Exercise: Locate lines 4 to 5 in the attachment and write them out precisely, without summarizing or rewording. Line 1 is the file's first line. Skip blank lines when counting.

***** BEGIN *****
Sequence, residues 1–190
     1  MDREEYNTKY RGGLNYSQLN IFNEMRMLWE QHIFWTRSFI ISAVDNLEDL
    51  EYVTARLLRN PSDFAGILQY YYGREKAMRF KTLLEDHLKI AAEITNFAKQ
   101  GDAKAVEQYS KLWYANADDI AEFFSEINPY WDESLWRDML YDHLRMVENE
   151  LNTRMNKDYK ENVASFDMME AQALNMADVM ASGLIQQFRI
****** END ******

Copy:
   101  GDAKAVEQYS KLWYANADDI AEFFSEINPY WDESLWRDML YDHLRMVENE
   151  LNTRMNKDYK ENVASFDMME AQALNMADVM ASGLIQQFRI